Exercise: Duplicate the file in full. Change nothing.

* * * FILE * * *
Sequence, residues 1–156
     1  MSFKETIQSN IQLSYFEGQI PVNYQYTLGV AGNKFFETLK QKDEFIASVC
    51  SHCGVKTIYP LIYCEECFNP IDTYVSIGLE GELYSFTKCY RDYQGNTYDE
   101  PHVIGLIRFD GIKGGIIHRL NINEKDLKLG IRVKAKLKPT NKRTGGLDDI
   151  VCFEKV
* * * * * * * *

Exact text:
Sequence, residues 1–156
     1  MSFKETIQSN IQLSYFEGQI PVNYQYTLGV AGNKFFETLK QKDEFIASVC
    51  SHCGVKTIYP LIYCEECFNP IDTYVSIGLE GELYSFTKCY RDYQGNTYDE
   101  PHVIGLIRFD GIKGGIIHRL NINEKDLKLG IRVKAKLKPT NKRTGGLDDI
   151  VCFEKV